Future work should also address the risk of bias, which can occur when analyzing the answers from the open-ended questions. This could be done by organizing the reasons of wanting to continue or not in categories, which could be used to acquire quantitative data. Also in-class discussions solely with teachers and students with no interference from research-personnel could be performed in order to avoid social expectancy related to the presence of the designers of the experience. Although there is an indication of a learning outcome especially among engaged students, it cannot be concluded that students indeed learned something through the self-reported learning outcomes based on the current data. Future studies could support this by investigating the knowledge of the theme before the experience, just after, and then again after a longer period. The main objectives for future research are thus to address the problems of the implementation of the FPV, to explore the learning outcomes of the experience further and to develop methods to evaluate continuation desire for example through psycho-physiological measures. 



In conclusion this study suggests that it is possible to use conventions from playfulness and player engagement which are usually related to enjoyable experiences to drive users through narrative game-like experiences, which can mediate unconventional content and communicate serious topics.

When designing for interactive experiential learning scenarios concerned with such issues it can be beneficial to use the PEP framework as a foundation for the design of sustained engagement by not only focusing on what it is that makes the experiences fun or enjoyable but more importantly on the triggers of continuation desire such as exploration, solving problems, experimentation, experiencing the story and characters as well as supporting intrinsic objectives through curiosity, fantasy, choice and uncertain outcomes. The results furthermore suggest that the intention to communicate a serious theme by mediating emotions and letting users encounter a range of feelings which bear similarities with that of being a victim of war has been successful especially among those respondents, who became engaged in the experience. Feedback from teachers also support the idea that there is a potential of using experiential learning scenarios such as the FPV as a tool in teaching. The findings in this study thus indicate that learning in a non-fun game-like scenario can be driven by player engagement even if the experience is not necessarily pleasurable.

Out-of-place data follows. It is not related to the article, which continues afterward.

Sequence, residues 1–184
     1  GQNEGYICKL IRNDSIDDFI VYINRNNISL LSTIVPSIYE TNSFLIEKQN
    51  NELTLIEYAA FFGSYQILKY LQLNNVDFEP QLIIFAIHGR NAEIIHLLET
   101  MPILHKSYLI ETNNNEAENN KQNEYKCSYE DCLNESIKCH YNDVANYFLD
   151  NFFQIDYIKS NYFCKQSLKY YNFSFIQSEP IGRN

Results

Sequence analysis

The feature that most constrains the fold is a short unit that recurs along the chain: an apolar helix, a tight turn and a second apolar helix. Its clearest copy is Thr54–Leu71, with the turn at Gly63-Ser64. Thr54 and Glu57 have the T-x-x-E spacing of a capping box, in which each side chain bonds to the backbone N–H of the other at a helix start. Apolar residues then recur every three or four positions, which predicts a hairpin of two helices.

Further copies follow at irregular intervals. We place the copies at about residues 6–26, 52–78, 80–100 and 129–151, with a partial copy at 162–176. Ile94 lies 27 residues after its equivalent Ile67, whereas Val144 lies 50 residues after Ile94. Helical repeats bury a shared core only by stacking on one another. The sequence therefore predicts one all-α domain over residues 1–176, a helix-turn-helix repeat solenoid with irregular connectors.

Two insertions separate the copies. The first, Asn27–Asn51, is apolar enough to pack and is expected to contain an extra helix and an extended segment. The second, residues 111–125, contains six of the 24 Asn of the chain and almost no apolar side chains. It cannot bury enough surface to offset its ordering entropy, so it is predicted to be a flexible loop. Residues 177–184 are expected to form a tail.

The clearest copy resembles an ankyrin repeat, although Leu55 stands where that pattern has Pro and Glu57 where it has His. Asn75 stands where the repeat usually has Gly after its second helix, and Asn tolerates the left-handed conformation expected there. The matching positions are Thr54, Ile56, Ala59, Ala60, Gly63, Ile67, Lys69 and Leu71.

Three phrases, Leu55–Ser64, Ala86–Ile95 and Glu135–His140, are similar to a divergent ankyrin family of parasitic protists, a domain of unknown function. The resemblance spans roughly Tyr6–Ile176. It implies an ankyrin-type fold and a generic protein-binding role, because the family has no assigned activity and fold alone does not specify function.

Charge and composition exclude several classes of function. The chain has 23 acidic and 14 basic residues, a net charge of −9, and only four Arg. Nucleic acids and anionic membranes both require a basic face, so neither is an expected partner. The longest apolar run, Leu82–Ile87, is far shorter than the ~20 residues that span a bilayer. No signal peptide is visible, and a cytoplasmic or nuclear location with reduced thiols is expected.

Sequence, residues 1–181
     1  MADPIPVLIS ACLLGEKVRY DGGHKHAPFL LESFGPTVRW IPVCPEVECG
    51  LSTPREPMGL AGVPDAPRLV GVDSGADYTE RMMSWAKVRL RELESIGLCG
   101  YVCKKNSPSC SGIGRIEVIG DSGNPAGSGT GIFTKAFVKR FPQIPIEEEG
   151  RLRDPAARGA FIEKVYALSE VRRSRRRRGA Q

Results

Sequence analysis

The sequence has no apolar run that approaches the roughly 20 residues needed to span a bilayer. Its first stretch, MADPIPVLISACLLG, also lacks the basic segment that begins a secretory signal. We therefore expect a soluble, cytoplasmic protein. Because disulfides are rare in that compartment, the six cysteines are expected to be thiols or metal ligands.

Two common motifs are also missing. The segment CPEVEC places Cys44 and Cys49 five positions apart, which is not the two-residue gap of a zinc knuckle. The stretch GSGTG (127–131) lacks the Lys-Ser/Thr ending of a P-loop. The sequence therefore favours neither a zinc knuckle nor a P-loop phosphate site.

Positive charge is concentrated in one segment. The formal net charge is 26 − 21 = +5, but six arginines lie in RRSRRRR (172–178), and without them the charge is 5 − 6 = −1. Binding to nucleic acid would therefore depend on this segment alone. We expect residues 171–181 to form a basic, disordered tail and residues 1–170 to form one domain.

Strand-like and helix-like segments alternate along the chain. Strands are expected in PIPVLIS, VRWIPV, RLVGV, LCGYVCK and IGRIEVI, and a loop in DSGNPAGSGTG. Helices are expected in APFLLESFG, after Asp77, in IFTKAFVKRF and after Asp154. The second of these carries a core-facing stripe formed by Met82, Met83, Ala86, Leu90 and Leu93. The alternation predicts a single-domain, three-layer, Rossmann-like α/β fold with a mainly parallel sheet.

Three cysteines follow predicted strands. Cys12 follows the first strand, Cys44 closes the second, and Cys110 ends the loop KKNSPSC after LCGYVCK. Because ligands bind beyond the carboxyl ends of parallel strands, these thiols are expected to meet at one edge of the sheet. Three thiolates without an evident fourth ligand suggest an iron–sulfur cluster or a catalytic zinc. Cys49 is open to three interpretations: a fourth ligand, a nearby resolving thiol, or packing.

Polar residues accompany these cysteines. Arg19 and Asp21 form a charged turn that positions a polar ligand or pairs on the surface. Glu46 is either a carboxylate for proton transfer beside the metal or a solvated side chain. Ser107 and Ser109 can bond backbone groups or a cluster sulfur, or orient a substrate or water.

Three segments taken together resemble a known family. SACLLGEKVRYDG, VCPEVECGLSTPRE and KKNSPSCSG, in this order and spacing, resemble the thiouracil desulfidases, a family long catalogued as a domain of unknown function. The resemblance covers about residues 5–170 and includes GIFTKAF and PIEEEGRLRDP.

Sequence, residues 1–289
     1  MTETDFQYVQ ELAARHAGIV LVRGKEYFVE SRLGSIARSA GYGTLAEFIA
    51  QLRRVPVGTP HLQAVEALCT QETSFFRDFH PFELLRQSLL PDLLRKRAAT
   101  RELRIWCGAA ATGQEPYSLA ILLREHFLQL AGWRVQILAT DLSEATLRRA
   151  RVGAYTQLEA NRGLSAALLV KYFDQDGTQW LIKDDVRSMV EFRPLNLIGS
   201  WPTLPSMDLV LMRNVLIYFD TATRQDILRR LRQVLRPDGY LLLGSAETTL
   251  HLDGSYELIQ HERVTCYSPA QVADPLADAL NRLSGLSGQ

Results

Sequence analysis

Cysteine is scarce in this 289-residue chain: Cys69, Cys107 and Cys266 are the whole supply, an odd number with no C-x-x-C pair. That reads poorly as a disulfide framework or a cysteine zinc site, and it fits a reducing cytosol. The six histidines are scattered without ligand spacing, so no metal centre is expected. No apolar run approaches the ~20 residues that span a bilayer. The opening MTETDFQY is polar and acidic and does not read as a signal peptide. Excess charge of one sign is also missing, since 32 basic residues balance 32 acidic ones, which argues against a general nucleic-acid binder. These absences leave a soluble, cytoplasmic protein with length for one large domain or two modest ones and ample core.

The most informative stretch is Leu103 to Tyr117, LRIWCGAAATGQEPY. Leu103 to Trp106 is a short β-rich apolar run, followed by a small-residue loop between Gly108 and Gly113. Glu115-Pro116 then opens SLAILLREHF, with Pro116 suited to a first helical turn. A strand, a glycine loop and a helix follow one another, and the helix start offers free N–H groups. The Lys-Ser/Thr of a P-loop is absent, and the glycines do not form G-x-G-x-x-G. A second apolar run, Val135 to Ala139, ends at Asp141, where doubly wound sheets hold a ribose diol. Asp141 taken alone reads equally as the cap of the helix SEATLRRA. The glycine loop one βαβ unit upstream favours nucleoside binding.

Thanks to Faysal Fuad Khalil and Jawid Faizi, both M.Sc. at Medialogy and research assistants, as well as Luis Emilio Bruni, Associate Professor at Aalborg University, Copenhagen for great teamwork while developing the First Person Victim. Acknowledgments also go to teachers and test-participants from the three schools, as well as to Lise Kofoed, Professor at Aalborg University, Copenhagen and the anonymous reviewers, whose ideas and feedback helped improve this paper.



Brown, E. and Cairns, P. (2004) A grounded investigation of game immersion. Extended Abstracts of the 2004 Conference on Human Factors in Computing Systems. New York: ACM Press, pp.1297-1300.

Calleja, G. (2011) In-game. Cambridge: MIT press.

Costello, B., Edmonds, E. (2009) A Tool for Characterizing the Experience of Play. Proceedings of the Sixth Australasian Conference on Interactive Entertainment IE '09. Sydney, Australia, 17-19 December 2009. New York: ACM Press, New York, NY, pp.1-10.

Csikszentmihalyi, M. (1991) Flow: The Psychology of Optimal Experience. New York: Harper Collins.

Gee, J.P. (2005) Learning by Design: good video games as learning machines. E-Learning and Digital Media, Vol. 2 (1), pp.5-16.

Ito, M. (2008) Education vs. Entertainment: A Cultural History of Children's Software. In Salen, K. (ed.) The Ecology of Games: Connecting Youth, Games, and Learning. Cambridge: MIT Press, pp.89-116.

Jenkins, H. (2004) Game Design as Narrative Architecture. In Wardrip-Fruin, N. and Harrigan, P. (Eds.) First Person: New Media as Story, Performance, and Game. Cambridge: MIT Press, pp.118-130.